Finally, we resume our “beverage expedition,” discovering how liquid consumption can have a major impact on your diet –– both good and bad –– and whether you are on a mission to lose body fat and/or manage your health.
We have tackled a variety of liquids –– five to be exact, with four to go, first confirming that water is essential to life and critical for health and weight loss. Later we uncovered that coffee is good in moderation if you skip the cream and sugar; tea (without the sugar) offers countless health and wellness benefits, while green tea helps fight obesity and lower LDL (bad) cholesterol; milk is highly overrated; and consuming too much soda has dire consequences to your overall health and fitness level.
Now we take a brief look at sports and other drinks bombarding the fitness industry, like Gatorade, PowerAid, Glaceau Vitamin Water, Snapple, and many more. Interestingly, most of these drinks are labeled as “healthful,” but in fact contain sugar, high-fructose corn syrup, crystalline fructose, and other sweeteners –– commonly used ingredients that we covered in Part Six, exposing their “perils.” These drinks add empty calories to your diet and fat on your body; putting many on the fast track toward obesity. This includes powdered drinks like Kool-Aid as well as those cute little juice boxes, which will be addressed next in our beverage series. On the other hand, Crystal Light and other “no calorie, sugar-free, diet” powered drinks use artificial sweeteners like aspartame, saccharin, or Splenda –– another red flag when consumed in excess.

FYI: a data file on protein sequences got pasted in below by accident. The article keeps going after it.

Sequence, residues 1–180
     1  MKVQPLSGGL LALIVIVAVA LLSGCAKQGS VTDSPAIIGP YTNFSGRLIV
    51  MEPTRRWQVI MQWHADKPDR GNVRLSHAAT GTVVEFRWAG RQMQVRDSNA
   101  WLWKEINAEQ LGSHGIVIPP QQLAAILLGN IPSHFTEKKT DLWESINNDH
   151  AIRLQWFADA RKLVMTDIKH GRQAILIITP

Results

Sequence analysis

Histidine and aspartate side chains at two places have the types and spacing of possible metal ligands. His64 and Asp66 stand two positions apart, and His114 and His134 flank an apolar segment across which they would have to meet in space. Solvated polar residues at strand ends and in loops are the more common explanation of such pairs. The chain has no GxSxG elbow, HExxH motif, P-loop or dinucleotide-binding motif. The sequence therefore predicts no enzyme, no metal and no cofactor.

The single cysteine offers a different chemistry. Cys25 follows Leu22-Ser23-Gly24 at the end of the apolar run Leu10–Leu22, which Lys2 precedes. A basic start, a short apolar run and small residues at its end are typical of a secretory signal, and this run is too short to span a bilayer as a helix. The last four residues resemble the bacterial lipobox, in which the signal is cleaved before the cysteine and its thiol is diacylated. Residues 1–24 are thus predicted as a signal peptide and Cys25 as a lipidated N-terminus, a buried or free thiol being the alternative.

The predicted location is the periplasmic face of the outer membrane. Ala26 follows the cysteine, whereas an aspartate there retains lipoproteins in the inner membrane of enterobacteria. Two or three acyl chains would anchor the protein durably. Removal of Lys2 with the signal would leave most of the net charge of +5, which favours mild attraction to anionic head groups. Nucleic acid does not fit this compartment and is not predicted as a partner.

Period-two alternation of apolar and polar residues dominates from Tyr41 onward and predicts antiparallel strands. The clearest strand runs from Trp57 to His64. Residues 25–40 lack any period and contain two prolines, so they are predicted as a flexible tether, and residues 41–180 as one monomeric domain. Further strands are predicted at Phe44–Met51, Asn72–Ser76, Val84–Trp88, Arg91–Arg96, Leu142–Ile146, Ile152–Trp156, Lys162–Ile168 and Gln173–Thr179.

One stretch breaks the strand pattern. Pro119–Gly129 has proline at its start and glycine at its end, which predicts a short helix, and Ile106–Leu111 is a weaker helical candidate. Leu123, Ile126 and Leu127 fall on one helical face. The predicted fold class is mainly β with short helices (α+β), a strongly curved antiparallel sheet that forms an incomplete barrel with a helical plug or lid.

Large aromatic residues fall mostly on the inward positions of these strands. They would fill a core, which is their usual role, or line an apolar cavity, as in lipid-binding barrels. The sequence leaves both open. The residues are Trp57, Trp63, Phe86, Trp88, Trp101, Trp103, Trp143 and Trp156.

With so many pre-made beverages (sports and other types of drinks) on the market today, what should a “concerned dieter” do? First and foremost, don’t believe the hype, even if sports drinks are “celebrity endorsed.” After all, “stars” get paid millions of dollars for their so-called stamp of approval and the companies producing them are motivated by their bottom line –– money.
While the “foundation” of sports and other drinks is water, and some include added vitamins, minerals and fruit juice, the extra calories, sugar and additives may not be worth it in the long run. In reality, they are not always the best liquid choice, especially if you are trying to lose weight. However, if you are an athlete, participating in sports, lacking certain nutrients, trying to gain weight, or need the flavor in order to get liquid in our body, then by all means “knock back” your favorite sports drink or vitamin water –– in moderation.
The most important lesson at this juncture in our beverage expedition is that when it comes to pre-made beverages, make sure you read labels and educate yourself in the realm of “food and drink additives.” Bottom line though, there is no legitimate substitute for just plain H20!
Our next stop will be juice –– both fruit and vegetable, with meal replacement drinks and alcohol to follow, where I will continue to guide you off of the “fat path” and on to the “fit path.”